South Africa: Court Strips Grace Mugabe Of Immunity In Assault Case
Grace Mugabe, 53, wife of former Zimbabwe leader Robert Mugabe may soon be quizzed on the grounds of assault after seeing a government decision shielding her under diplomatic immunity revoked by a South African High Court on Monday.
Erstwhile Zimbabwe’s First Lady had in August 2017 was accused of assaulting Gabriella Engels, a model, at a hotel in Johannesburg, South Africa’s capital. The event generated a public rage in the country, with some demanding that former Zimbabwe’s first lady face prosecution.
To the dismay of many, however, she was granted diplomatic immunity by South Africa’s former Minister of International Relations and Cooperation Maite Nkoana-Mashabane paving the way for her to exit the country unscathed.
The ex-minister had tied the immunity granted Mugabe as a way of further strengthening South Africa’s relationship with Zimbabwe.
The South African Police Service (Saps) reportedly probed the alleged assault, but could not prosecute Mrs. Mugabe sensing she had the backing of the then minister.
In a swift move, Ms. Engels had filed a petition before the South African High Court alleging Ms. Nkoana-Mashabane had “misconstrued her powers.” Ms. Engels had accused Mrs. Mugabe of beating her with an electric extension cord last year August.
“Heads of state who killed or injured people in South Africa did not qualify for immunity under the Foreign States Immunities Act, and there was, therefore, no way that their spouses qualified for it,” Ms. Engels said.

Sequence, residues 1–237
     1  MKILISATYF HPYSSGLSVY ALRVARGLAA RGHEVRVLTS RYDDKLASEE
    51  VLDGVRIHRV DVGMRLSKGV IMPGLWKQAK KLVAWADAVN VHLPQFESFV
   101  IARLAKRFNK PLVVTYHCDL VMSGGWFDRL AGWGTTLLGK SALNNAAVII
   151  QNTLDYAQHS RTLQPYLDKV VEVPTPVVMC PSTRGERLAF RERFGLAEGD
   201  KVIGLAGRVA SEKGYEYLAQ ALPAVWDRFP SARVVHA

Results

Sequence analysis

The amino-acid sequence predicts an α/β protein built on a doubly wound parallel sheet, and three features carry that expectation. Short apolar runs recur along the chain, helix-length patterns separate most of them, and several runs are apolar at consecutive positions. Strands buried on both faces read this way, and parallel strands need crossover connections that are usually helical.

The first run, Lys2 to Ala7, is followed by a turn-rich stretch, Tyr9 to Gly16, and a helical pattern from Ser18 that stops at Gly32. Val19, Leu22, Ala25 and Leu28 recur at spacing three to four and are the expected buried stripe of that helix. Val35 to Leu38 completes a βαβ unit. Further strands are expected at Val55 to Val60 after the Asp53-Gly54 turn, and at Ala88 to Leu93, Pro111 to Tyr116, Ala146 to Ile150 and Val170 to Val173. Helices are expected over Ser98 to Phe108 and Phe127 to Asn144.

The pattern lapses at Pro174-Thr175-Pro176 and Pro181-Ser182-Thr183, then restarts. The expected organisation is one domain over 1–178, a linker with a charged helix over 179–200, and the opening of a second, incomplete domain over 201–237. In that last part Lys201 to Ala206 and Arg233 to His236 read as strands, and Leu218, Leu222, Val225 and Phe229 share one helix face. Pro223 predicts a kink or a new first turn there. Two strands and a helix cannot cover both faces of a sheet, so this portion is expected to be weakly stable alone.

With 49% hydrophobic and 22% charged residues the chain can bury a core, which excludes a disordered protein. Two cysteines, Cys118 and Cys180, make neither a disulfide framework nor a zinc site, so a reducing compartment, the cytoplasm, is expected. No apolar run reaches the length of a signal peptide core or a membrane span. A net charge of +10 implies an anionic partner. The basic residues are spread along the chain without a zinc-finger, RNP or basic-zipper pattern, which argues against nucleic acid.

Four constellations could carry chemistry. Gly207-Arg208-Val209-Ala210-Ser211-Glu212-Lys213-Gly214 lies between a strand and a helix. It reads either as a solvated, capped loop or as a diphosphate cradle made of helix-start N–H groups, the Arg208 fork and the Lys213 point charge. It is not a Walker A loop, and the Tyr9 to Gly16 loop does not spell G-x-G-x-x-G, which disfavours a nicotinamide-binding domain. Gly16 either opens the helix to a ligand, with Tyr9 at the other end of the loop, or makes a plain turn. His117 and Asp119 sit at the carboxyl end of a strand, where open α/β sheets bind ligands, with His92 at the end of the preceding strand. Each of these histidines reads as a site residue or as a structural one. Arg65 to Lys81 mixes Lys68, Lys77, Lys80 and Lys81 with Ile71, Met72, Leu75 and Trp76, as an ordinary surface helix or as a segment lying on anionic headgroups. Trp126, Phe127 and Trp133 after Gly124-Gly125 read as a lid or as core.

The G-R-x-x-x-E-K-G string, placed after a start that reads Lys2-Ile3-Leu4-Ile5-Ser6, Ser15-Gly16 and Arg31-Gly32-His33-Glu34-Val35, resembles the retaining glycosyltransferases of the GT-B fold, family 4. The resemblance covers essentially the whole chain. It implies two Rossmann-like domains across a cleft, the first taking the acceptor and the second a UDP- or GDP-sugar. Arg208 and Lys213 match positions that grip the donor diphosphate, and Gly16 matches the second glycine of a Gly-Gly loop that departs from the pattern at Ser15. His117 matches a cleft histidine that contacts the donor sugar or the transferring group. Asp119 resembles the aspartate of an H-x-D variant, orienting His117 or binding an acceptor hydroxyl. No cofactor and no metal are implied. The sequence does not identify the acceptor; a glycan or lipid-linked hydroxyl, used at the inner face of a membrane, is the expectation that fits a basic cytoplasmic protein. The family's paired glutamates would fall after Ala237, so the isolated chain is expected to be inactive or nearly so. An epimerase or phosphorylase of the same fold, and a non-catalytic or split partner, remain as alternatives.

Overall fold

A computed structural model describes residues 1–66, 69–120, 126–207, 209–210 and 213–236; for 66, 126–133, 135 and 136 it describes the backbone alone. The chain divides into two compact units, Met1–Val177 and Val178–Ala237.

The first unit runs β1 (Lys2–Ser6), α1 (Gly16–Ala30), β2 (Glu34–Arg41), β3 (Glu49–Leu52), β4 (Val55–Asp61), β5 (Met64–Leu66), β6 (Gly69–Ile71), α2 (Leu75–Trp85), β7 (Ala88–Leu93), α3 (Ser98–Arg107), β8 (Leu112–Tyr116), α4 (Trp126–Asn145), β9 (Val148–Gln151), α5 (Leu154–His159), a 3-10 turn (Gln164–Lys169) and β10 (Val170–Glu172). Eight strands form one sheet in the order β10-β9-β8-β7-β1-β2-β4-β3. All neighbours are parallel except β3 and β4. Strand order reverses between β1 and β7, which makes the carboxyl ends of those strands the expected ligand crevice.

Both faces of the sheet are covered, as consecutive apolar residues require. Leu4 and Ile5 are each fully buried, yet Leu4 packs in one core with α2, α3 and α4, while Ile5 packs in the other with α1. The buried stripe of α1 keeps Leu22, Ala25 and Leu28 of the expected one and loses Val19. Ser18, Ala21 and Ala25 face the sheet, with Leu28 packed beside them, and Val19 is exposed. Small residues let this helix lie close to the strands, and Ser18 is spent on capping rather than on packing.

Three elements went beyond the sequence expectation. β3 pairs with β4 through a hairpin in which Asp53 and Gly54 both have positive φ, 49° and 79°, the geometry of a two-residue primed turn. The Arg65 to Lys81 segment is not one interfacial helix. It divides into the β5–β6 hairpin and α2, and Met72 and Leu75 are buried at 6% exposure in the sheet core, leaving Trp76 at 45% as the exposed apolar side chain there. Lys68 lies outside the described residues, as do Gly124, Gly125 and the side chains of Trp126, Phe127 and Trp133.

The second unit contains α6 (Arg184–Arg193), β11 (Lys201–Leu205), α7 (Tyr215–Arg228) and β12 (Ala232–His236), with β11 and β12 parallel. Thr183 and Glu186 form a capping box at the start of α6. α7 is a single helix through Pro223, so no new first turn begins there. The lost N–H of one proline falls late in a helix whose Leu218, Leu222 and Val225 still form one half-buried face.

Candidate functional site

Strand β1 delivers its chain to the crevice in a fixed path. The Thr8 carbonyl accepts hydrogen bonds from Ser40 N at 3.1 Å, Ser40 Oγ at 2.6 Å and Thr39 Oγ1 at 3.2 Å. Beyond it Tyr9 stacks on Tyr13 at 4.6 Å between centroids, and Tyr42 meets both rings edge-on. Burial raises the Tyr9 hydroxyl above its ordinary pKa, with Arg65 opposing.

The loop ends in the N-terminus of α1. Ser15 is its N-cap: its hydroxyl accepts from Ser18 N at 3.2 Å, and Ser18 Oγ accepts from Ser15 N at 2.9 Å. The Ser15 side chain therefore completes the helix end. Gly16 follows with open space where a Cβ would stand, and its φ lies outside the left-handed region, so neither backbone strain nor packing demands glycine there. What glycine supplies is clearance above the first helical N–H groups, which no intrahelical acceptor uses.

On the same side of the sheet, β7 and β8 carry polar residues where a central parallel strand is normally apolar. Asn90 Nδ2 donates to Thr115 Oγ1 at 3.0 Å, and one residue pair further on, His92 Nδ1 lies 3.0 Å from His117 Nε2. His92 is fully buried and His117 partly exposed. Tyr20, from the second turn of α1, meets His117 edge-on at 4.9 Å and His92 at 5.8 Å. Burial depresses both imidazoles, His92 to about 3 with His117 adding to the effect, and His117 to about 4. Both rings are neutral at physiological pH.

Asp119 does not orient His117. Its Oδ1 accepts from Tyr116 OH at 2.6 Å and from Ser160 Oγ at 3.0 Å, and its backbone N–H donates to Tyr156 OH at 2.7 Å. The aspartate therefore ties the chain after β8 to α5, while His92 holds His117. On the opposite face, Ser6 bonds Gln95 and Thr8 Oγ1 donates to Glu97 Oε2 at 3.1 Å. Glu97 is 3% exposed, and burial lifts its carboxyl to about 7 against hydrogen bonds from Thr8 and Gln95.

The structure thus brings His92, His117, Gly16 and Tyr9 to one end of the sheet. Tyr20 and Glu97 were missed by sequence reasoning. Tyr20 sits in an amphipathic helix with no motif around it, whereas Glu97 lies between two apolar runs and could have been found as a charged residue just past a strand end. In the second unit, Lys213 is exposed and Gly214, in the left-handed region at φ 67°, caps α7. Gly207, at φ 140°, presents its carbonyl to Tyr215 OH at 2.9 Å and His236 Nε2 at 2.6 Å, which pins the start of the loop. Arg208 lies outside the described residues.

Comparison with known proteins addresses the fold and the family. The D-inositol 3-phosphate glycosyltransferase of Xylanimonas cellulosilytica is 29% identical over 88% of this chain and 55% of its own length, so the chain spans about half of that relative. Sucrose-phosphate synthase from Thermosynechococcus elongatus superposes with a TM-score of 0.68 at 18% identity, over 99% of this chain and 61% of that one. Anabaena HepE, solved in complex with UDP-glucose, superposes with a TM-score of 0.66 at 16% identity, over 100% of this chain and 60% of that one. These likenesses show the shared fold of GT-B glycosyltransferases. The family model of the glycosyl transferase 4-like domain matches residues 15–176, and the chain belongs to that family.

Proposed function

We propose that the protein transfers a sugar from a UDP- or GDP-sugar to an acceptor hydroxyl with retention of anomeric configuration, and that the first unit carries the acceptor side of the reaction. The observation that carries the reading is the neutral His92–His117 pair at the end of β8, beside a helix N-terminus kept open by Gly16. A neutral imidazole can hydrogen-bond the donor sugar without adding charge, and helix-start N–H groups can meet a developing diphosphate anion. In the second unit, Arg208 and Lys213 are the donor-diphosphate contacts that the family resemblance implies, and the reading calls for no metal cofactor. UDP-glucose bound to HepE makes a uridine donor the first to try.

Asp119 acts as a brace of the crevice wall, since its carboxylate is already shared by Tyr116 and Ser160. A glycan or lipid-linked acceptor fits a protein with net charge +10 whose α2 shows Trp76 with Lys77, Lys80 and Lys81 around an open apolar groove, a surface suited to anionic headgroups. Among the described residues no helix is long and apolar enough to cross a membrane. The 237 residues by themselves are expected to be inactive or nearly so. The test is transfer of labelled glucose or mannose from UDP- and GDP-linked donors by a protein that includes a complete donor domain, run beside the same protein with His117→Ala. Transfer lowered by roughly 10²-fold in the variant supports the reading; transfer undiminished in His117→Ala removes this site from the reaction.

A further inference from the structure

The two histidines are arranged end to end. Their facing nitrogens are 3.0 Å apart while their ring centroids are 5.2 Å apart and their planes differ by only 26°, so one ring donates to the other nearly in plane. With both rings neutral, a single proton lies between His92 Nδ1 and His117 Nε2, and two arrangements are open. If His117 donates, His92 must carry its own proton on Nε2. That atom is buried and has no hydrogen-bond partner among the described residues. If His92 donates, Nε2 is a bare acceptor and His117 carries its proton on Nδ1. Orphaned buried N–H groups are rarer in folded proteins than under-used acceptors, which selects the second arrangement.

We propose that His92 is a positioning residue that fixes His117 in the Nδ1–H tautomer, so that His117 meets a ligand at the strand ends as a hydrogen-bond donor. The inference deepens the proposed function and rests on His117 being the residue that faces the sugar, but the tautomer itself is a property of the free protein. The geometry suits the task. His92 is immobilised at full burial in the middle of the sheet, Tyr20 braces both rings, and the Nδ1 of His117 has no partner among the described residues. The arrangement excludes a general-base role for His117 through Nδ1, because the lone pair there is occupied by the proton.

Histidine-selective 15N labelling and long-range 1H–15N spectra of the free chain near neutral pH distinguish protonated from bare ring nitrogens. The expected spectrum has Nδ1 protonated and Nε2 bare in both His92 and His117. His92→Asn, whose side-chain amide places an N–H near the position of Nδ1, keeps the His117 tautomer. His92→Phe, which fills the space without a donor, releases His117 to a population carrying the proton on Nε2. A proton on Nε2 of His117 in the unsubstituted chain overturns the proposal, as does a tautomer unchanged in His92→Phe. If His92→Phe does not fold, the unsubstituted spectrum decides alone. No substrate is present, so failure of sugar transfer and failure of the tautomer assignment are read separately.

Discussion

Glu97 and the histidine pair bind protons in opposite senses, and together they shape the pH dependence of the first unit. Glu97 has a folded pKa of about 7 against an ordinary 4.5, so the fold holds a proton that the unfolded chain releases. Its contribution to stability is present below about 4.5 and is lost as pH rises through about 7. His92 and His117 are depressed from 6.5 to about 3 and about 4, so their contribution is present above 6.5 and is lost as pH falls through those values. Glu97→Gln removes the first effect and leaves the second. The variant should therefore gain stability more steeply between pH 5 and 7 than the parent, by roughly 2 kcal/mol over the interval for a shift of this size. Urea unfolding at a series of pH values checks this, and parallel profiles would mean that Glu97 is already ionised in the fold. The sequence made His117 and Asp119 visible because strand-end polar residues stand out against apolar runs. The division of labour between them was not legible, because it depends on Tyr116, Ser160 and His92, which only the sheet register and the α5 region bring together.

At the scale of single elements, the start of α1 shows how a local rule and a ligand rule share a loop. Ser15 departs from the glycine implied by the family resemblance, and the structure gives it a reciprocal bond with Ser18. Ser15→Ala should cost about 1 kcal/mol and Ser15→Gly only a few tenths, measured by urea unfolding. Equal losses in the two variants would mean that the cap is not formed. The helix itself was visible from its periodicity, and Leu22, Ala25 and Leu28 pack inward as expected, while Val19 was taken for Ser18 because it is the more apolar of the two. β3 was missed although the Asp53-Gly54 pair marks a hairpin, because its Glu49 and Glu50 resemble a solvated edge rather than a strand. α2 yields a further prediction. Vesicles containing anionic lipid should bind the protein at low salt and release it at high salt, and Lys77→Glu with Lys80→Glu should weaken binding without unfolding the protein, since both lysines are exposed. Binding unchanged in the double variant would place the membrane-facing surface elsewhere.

The development has continued to generate controversies with many subjecting the rationale to grant diplomatic immunity to Mrs. Mugabe to more scrutiny.
But on Monday, a South African High Court overturned the diplomatic immunity granted to Mrs. Mugabe, ruling that the decision was “inconsistent with the constitution.”
The court’s ruling has continued to generate excitement and commendations of various political and Human Rights group such as Afrikaner rights group AfriForum and opposition party Democratic Alliance which filed the petition against her before the court last year.
Commenting on the development, AfriForum’s Chief Executive Officer, Kallie Kriel said: “We are elated, it’s a win against efforts in South Africa to use our political and legal system to protect people that should not be protected.
“Mrs. Mugabe got diplomatic immunity simply because of her surname. We hope that the NPA will do their job and go ahead with a prosecution.”
CNN also quoted James Selfe a Democratic Alliance party member as saying Mugabe must be extradited from Zimbabwe to face charges in South Africa.
“A serious crime was committed last year in South Africa, and the perpetrator managed to get away without having to take responsibility for it,” he was quoted as saying.
He added: “We now hope the National Prosecuting Authority will institute an action against Mrs. Mugabe, which in time will mean she will be extradited to face trial.”
The court ruling took place on the same day Zimbabwe held its first post-Mugabe era, with the counting of votes still underway as at the time of filing this report.
Mrs. Mugabe’s husband, Robert, was last year ousted from power following alleged plans to hand over power to her and further extends his dynasty over Zimbabwe politics.
This happened a day after her husband on Sunday, penultimate day to the country’s historic election, shocked the world, saying he would not vote for his former party Zanu-PF in the country’s presidential election held on Monday.
“I can’t vote for Zanu-PF. I can’t vote for the people who have brought me into this state. I must say clearly I cannot vote for those who have tormented me. I can’t. I will make my case among the other 22 [out of the 23 candidates],” the former president had said.